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Lord Elgin and the Marbles [Hardcover]

William St. Clair


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Paperback 32.61  

Book Description

Jun 1967
Lord Elgin and the Marbles is an account of the circumstances in which the Elgin Marbles were acquired, of the impact which they made on modern appreciation of Greek art, and of the reaction of Napoleon, Byron, and many others to their appropriation.


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`The British say they have saved the Marbles. Well, thank you very much. Now give them back.'

Melina Mercouri, actress and politician

Ever since the sculptures from the Parthenon arrived in England at the beginning of the last century, they have caused controversy. Based on a detailed study of both original records and recent discoveries, Lord Elgin and the Marbles is the authoritative historical account of the extraordinary circumstances in which the Elgin Marbles were acquired, of the tremendous impact which they made on modern appreciation of Greek art, and of the bitter reaction of Napoleon, Byron, and many others to their appropriation.

In the last chapters of this book, William St. Clair now adds further fuel to the controversy by revealing for the first time some disturbing details about the treatment of the Marbles while in the British Museum's care, and of the British Museum's response to public concerns about this important cultural artefact. --This text refers to the Paperback edition.

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a measured, well-founded, wise, witty, and intensely interesting vindication. (TLS) --This text refers to the Paperback edition.

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Amazon.com: 5.0 out of 5 stars  2 reviews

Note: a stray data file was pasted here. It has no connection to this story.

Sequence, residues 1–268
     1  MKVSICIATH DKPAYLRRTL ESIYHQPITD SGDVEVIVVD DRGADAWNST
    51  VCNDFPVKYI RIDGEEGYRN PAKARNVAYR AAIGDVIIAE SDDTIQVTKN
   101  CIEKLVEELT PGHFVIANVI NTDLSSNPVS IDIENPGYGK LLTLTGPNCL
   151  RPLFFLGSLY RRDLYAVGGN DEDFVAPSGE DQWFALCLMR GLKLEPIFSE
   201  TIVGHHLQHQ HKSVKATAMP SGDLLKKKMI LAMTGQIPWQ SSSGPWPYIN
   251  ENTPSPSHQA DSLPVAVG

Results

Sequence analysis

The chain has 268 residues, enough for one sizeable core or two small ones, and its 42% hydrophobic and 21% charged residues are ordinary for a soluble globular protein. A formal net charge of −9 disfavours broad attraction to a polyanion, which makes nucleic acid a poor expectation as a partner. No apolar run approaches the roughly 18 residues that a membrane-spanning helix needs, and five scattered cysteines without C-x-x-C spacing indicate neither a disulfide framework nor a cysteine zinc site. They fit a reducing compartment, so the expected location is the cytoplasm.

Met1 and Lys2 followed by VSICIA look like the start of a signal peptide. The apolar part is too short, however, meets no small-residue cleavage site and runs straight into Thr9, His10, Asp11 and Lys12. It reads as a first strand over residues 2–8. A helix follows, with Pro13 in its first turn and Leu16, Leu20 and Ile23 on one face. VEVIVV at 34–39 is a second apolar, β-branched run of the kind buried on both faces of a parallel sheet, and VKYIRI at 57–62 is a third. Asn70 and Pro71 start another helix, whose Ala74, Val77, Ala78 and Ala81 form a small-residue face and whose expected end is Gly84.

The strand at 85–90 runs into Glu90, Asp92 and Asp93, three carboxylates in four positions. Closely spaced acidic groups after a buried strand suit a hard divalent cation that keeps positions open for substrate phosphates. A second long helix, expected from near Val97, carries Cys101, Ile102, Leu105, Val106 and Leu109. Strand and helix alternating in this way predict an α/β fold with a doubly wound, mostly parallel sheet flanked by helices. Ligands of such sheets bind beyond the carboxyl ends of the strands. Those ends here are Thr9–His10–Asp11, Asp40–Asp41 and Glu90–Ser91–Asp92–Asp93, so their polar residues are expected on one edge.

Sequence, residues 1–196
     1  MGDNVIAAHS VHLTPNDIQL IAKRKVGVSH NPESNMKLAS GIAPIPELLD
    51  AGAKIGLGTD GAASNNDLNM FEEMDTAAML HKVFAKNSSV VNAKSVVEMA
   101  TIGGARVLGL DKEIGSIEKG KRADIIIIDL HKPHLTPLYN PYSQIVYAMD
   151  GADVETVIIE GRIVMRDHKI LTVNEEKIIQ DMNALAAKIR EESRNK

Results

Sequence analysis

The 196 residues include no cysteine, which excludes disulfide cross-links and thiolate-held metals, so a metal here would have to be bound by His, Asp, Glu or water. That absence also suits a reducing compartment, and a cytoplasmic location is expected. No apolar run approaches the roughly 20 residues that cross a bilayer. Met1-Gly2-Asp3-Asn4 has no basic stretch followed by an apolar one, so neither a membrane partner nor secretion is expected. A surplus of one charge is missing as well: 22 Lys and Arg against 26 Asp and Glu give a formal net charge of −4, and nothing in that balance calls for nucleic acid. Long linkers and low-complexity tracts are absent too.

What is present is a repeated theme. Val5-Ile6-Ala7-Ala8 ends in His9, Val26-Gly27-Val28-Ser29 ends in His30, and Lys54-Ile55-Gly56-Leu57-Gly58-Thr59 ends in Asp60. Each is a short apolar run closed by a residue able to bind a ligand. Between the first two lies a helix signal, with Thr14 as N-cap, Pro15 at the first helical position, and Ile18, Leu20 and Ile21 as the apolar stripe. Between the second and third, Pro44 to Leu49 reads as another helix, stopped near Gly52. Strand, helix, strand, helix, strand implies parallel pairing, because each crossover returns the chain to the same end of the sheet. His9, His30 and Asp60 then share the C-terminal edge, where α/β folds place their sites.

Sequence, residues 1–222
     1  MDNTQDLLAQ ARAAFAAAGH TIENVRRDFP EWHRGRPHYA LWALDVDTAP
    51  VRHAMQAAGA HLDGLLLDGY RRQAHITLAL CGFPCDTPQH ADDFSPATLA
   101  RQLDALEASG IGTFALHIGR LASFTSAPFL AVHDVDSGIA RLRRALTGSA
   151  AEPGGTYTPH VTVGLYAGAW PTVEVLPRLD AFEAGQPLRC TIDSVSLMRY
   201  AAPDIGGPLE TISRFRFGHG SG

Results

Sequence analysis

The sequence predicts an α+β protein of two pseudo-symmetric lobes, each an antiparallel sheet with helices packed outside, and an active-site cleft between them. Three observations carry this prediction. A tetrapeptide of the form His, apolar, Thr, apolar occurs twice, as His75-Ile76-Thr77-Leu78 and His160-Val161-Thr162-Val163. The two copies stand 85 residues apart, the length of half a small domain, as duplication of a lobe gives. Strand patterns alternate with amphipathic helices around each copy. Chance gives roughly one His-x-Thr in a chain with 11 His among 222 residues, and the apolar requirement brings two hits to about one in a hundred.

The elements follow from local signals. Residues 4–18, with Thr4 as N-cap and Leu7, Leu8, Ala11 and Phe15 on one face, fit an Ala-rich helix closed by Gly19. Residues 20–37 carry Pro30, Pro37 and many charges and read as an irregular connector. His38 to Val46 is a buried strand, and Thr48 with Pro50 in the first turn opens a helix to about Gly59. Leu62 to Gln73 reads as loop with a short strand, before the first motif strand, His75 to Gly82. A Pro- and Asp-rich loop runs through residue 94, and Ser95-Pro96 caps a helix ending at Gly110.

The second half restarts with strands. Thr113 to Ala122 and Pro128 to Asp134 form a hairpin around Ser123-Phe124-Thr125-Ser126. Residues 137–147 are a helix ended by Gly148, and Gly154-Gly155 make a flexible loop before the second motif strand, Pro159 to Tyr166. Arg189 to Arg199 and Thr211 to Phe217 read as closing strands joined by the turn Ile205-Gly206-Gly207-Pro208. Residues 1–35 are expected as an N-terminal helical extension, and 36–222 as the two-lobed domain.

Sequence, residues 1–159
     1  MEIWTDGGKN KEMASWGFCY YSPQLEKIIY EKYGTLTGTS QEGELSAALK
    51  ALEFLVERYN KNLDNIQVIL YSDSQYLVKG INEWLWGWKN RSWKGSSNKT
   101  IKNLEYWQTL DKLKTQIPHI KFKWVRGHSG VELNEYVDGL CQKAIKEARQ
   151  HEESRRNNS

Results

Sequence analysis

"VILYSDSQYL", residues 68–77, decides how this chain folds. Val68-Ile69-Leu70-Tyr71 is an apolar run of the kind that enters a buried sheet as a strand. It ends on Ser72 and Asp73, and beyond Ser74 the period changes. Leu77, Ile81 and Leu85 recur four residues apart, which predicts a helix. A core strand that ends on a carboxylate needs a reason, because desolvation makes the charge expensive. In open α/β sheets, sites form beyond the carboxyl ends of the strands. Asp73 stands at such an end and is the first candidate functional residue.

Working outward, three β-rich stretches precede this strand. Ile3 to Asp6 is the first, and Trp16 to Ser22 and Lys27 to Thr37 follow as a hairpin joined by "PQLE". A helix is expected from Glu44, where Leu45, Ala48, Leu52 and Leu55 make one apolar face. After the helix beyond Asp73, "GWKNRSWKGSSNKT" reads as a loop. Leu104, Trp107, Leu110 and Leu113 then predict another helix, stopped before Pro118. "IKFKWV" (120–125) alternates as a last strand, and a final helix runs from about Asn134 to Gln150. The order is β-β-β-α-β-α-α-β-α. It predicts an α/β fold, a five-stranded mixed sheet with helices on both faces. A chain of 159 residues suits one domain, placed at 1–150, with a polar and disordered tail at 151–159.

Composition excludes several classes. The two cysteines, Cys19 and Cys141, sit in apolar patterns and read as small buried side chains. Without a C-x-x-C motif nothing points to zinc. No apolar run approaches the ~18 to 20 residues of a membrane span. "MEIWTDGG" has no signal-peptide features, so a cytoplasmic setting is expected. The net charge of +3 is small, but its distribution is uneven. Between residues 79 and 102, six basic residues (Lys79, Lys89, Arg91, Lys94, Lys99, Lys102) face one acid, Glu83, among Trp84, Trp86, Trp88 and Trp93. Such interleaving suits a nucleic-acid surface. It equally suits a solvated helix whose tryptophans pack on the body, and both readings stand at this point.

9 of 11 people found the following review helpful
5.0 out of 5 stars A most comprehensive study 14 Dec 2008
By M. G. SFAELLOU - Published on Amazon.com
Format:Paperback
In Greece there is an unusual idiomatic expression: to hold a memorial service with someone else's 'kollyva'. Kollyva is special boiled wheat with nuts and pomegranate seeds which is served at memorials and it is invariably provided by the family who hold the memorial service. Therefore the hypothetical disgrace and anomaly of a family so mean as to use someone else's kollyva is used merely as an idiom for someone who makes a gift of that which does not belong to them. This was what the Ottomans did when they gave Elgin the marbles from the Parthenon.Despite the misnomer 'Elgin Marbles', the marbles were not his possession but belonged to one of the most historic monuments in the world, the Acropolis, from which they were stolen. His theft is partially understandable only if one uses the dubious argument that he wanted to share these marbles. By bringing them to Britain he would be making them accessible to others who would not normally have had the opportunity to see them. Thus he was not a vandal in the same degree as those thieves who (acting completely unchecked by the Anglo-American occupation of Iraq) looted the treasures of the Baghdad Museum. Now amidst the genocide of over 1.5 million innocent Iraqi dead, some evil profiteers have been selling these priceless pieces of Assyrian/Babylonian art to private collectors/fences.